Join us for the launch of a new report by the Inclusive America Project, “Pluralism in Peril: Challenges to an American Ideal.”
Watch the discussion here:
On February 7, the eve of the 66th National Prayer Breakfast in Washington, the Aspen Institute Justice & Society Program (JSP) will release a new report – Pluralism in Peril – on how our nation can maintain its historical commitment to embracing people of all faith backgrounds against a backdrop of polarization. Religious pluralism may be under threat, but effective tools and strategies are available to defenders of this core American value.
“Religious tolerance is a concept as old as our nation,” notes JSP executive director Meryl Chertoff. “It’s right there in the First Amendment’s guarantees of free exercise and non-establishment, and George Washington and Thomas Jefferson both embraced and wrote about it. There’s a straight line from there to today’s headlines, including the original Trump travel ban—essentially a religious test—and publicly questioning whether members of some faiths can be loyal Americans.”
Pluralism in Peril’s findings and recommendations include:
• Relationships are key to building a more tolerant and inclusive United States, and they must be built at every level, from individuals and small communities to cities and national organizations
• Youth-serving organizations (such as the Y, Boys and Girls Clubs, and 4-H) should encourage basic religious literacy to reduce suspicion and marginalization of religious minorities
• Right-wing and religious extremists employ similar recruitment methods, and thus similar tactics can be used to combat both
• Community engagement and countering violent extremism are on a continuum, and an enforcement-only approach is doomed to fail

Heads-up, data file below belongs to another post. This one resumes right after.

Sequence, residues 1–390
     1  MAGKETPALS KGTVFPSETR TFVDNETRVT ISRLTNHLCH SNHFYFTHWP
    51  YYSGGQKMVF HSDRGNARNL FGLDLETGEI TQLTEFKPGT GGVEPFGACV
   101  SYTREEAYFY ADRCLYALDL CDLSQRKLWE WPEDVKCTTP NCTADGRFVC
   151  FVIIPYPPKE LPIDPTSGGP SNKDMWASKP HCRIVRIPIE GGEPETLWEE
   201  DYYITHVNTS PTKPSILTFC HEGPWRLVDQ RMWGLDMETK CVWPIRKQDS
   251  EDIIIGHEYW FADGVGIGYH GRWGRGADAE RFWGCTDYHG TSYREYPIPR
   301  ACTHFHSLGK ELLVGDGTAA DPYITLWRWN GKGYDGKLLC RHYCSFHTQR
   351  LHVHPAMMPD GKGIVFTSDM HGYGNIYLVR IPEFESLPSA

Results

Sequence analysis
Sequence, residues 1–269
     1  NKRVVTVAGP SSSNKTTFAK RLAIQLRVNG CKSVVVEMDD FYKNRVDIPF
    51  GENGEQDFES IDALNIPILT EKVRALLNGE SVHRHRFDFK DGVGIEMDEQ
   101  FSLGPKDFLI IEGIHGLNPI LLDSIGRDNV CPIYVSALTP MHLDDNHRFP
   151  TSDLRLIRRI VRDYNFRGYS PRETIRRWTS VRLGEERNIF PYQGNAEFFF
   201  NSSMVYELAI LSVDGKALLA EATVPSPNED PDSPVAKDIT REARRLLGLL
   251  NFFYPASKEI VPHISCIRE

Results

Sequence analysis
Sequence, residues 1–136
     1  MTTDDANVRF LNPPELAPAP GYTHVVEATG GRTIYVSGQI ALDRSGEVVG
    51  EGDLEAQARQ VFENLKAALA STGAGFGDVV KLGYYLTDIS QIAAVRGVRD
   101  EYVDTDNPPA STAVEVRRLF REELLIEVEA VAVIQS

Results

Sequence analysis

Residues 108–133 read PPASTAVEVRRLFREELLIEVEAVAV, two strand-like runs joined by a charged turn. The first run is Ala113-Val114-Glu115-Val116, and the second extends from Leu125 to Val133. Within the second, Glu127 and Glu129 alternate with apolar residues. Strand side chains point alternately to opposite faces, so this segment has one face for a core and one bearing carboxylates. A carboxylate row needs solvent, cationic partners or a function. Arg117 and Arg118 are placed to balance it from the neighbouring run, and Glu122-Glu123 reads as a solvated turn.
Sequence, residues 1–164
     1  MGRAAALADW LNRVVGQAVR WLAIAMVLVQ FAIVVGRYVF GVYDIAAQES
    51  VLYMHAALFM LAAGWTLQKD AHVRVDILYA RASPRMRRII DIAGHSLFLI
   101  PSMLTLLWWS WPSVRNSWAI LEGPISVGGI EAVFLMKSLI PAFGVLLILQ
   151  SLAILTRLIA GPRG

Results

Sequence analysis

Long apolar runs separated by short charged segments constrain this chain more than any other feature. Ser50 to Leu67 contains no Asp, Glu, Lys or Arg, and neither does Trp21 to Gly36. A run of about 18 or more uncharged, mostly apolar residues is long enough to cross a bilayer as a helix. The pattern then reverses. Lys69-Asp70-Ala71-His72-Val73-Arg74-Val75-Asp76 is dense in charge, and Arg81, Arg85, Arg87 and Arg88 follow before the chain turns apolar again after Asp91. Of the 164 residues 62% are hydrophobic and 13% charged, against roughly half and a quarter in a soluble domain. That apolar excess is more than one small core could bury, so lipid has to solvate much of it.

• Efforts to build a more inclusive society will require sustained investment from the philanthropic sector, as religious organizations or the government cannot do it alone
Publication of this report could not be more timely. According to the Anti-Defamation League, 2017 was a big year for extremist violence in the US, with the number of murders by white supremacists double what it was the prior year. Disturbing incidents include the slaying of a peaceful counter-demonstrator, Heather Heyer, during the white nationalist rally in Charlottesville, Virginia, and the vehicular attack by an ISIS-inspired terrorist in New York City. Homegrown extremist violence is on the rise, and extremist recruitment flourishes online.
Countering these alarming trends requires more than simply asking Americans to love each other. Pluralism in Peril offers guidance to community and interfaith leaders, youth-serving organizations, philanthropists, and state and local officials on specific action steps to build a more resilient, trust-based environment that fully incorporates American religious minorities. Essays explore ways to increase basic religious literacy, promote allyship and community resilience, and build bridges between youth of different faith traditions.
Pluralism in Peril’s authors come from across the political spectrum and include former government officials, religious leaders, interfaith activists, and scholars. While they do not agree on everything, they all insist that America’s religious diversity keeps us strong and that an attack on one faith is an attack on all faiths.
The launch will include a discussion with some of the contributing authors as well as by leading advocates in the field. Eric Motley (Aspen Institute) and Meryl Chertoff (Aspen Institute) will provide opening remarks. They will be followed by a panel discussion with Farhan Latif (El-Hibri Foundation), Chris Seiple (Institute for Global Engagement), and George Selim (Anti-Defamation League), moderated by Zeenat Rahman (Aspen Institute). Rabbi David Saperstein (Religious Action Center).